2nd-Grader Wins Graphics Contest... filmed at 11...



  • And the winner is:



  • @drgnslayr you know I was kind of hoping for a name change. This whole Big 12 and only 10 teams is kind of mind boggling. I don’t know why they just don’t change it? They have no desire, willingness, or potential to expand. So why not just change the name?



  • @DoubleDD

    I’ve got it!

    New conference name:

    “XII-II”

    “Big 12 minus 2!”

    The only conference name that properly represents the conference while teaching math skills to the fans!



  • It is not that simple to change the name. In addition to the marketing, merchandising and copyrighting issues, there is the bigger logistical problem associated with record/data keeping.

    At this time, the number in the conference name is no longer representative and I imagine the values of the brand awareness is more important. There are currently 4 conference with number in the name and only one has the number of teams to match the number in the name:

    Atlantic 10 - 14 teams

    Big 10 - 14 teams

    Big 12 - 10 teams

    PAC 12 - 12 teams

    The PAC 12 changed its name in 2011 from PAC 10.

    As I said, it is unlikely that any of the 3 conferences with miss-matched names and schools will change names any time soon since the number in the name is no longer considered representative and the value of the brand is much higher.



  • @JayHawkFanToo

    In the short term it is unlikely.

    In the long term it is a near certainty.



  • @JayHawkFanToo

    I agree… it is unlikely we’ll see a name change because it is costly in so many ways.

    Plus… Change the number and then in a few years teams leave again and you are right back to having the same problem.

    I know a name that is available… The Big 8!



  • @drgnslayr

    I understand that the big 1o considers to the “BIG 10” and “B1G” names to be highly recognizable and storied as well as names that stand alone and have a long tradition, regardless of the number of schools in the conference and as such, a lot more valuable than a new name would be. Also, the Big 10 has much nice ring than the Big 14. For these reasons, it is highly unlikely the Big 10 will change names, and even if it did, I just don’t see it allowing another conference to use it since this, to the best of my knowledge, would also be unprecedented. Unless the Big 12 changes its name to the Great 10 or something along these lines, I just don’t see it being able to ever use the Big 10 name, anymore than the Big 12 would allow other conference to take over the Big 12 name it it ever changes names to something else. I am sure the Big 12 owns the rights to the BIG 8 name so it can always go back to it. 🙂



  • @JayHawkFanToo

    We could call ourselves “Big IX1/2” (Big 9 1/2). The Horny Frogs at TCU only have a student body of 9000. They should be classified as “1/2”… however… they almost match Kansas endowments, so maybe I should keep my mouth shut!

    I was looking online… Texas has more than $17-billion in endowments! That is more than 10x what Kansas has. I guess it is because of their size and being surrounded by all that oil money.



  • @drgnslayr Endowments have been going up at a lot of schools, but the cost of attending college the past 20 years have skyrocketed. Just back in the 70’s in state tuition was $265/semester when I started and about $650 when I left. Now it’s over 10 grand. The land and buildings were paid for long ago. Not very many new additions either. So why is Texas (or KU and others) getting so much more expensive to attend? Could it be they are all trying to limit the size of each class graduating college and raise the costs so more can’t afford it?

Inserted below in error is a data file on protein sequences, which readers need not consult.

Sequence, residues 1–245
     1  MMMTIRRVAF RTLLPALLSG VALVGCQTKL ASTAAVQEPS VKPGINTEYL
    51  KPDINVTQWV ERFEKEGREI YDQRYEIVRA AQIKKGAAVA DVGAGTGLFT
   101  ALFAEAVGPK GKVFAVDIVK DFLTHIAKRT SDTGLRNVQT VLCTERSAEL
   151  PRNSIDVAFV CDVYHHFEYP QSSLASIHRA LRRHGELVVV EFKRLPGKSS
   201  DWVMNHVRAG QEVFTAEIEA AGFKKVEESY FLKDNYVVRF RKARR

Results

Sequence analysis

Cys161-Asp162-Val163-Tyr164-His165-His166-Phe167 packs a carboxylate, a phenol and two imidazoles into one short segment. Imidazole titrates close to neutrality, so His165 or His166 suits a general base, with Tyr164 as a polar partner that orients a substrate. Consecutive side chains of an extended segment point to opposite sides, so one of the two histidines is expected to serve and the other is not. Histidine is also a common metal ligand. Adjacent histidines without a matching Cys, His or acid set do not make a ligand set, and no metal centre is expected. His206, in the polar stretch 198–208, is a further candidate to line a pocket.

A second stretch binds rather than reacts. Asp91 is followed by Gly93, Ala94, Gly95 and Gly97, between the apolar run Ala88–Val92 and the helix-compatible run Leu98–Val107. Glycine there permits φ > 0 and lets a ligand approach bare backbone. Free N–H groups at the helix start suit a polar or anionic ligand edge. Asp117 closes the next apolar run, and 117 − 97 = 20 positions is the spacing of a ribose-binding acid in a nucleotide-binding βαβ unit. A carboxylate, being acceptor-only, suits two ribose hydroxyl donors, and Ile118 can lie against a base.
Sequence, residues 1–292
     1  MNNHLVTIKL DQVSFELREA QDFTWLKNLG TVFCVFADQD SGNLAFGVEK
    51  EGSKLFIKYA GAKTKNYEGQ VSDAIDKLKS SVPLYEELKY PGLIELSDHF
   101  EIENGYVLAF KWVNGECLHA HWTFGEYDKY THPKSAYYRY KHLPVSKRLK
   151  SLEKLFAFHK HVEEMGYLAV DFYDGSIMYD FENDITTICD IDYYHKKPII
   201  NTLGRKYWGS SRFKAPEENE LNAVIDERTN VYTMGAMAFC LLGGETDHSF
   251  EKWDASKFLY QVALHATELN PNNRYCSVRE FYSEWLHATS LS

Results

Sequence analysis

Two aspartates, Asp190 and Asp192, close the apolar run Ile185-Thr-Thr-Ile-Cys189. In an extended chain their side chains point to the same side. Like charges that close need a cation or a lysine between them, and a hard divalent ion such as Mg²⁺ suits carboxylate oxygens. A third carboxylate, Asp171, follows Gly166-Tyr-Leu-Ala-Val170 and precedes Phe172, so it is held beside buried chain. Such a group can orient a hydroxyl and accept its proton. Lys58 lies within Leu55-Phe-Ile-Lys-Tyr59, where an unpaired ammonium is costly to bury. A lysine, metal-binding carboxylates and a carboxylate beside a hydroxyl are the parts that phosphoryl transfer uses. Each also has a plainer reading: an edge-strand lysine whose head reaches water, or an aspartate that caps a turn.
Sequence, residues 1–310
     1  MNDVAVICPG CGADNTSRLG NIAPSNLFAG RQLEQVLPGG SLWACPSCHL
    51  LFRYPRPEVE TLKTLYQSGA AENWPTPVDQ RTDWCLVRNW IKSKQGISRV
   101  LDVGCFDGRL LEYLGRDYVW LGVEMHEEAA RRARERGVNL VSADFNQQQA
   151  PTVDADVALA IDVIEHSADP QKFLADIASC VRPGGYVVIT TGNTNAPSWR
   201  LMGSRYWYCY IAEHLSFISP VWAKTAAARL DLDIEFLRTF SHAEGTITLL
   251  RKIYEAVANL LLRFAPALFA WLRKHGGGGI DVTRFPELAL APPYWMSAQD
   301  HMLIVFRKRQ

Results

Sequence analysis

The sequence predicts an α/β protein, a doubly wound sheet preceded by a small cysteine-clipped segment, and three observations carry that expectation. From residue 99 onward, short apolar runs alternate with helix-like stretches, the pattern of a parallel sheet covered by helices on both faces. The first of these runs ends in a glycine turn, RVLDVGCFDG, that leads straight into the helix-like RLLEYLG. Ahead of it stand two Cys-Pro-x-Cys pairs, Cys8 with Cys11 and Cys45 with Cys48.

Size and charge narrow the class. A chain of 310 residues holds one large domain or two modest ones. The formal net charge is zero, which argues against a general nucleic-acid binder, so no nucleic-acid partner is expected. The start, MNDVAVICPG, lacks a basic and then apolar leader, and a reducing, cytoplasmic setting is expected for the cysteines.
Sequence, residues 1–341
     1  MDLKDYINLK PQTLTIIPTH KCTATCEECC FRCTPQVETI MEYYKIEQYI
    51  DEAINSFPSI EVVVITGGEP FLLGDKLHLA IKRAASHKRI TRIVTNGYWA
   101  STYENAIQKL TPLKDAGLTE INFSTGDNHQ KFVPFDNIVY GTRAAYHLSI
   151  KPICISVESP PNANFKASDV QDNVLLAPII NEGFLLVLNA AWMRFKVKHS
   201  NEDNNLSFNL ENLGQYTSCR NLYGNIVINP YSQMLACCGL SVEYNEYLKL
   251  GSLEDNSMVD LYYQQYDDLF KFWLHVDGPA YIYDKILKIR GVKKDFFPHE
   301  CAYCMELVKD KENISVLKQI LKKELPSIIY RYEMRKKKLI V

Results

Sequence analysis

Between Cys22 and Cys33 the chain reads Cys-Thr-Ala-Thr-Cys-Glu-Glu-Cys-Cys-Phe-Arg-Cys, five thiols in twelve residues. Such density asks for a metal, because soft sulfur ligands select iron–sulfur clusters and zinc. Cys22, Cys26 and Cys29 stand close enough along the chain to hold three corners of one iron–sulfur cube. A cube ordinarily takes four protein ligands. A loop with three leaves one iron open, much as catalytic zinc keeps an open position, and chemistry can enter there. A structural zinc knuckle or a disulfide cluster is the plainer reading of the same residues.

• @JayhawkRock78 Since 1960, only the rising costs of healthcare have exceeded the rising costs of higher education. Notice the severe decline in completion /free market system in healthcare.

    Having worked in academia (years I’m not proud of), I can tell you that 1) Many, many expenditures are made that have nothing to do with educating students, and 2) It is a closed system (a finite number of institutions) that feels NO reason to contain costs and compete on the basis of “economical,” quality education. Leading schools increase tuition, all the others follow.



  • @JayhawkRock78

    I really don’t get it.

    We complained about school costs back in my day. But I was able to work a job while going to school and didn’t take a loan. That would hardly be possible today because of the steep costs.

    I do understand that there must be crazy costs around keeping a university open, but it still seems ridiculously high.

    What I wonder… all the online universities. Those will surely take a big chunk out of the big brick and mortar schools soon… especially as they gain more accreditation.

    I was told that the one thing America has that other countries can’t replicate is our college system. We definitely attract a higher percentage of foreign students than ever before.

    It seems that our universities are filling with all the “financially elite” students from around the world and so even hard working Americans will have a hard time buying into a college education.

    I have always believed that we must do whatever is in our powers to educate more of our population. It feels like we are going in the wrong direction.

    @714hawk - All good points.

    I watched the ‘60 Minutes’ interview with Malcolm Gladwell Sunday and he discussed how ridiculous the tuition was at some of the American Universities… I think he mentioned Harvard costing 10-times what it cost to attend university in Canada. He raised a valid point… “is the education at Harvard 10-times better than what is available in Canada?”



  • Took awhile, but I finally found that 2nd grader’s winning graphic:

    big12-2.gif


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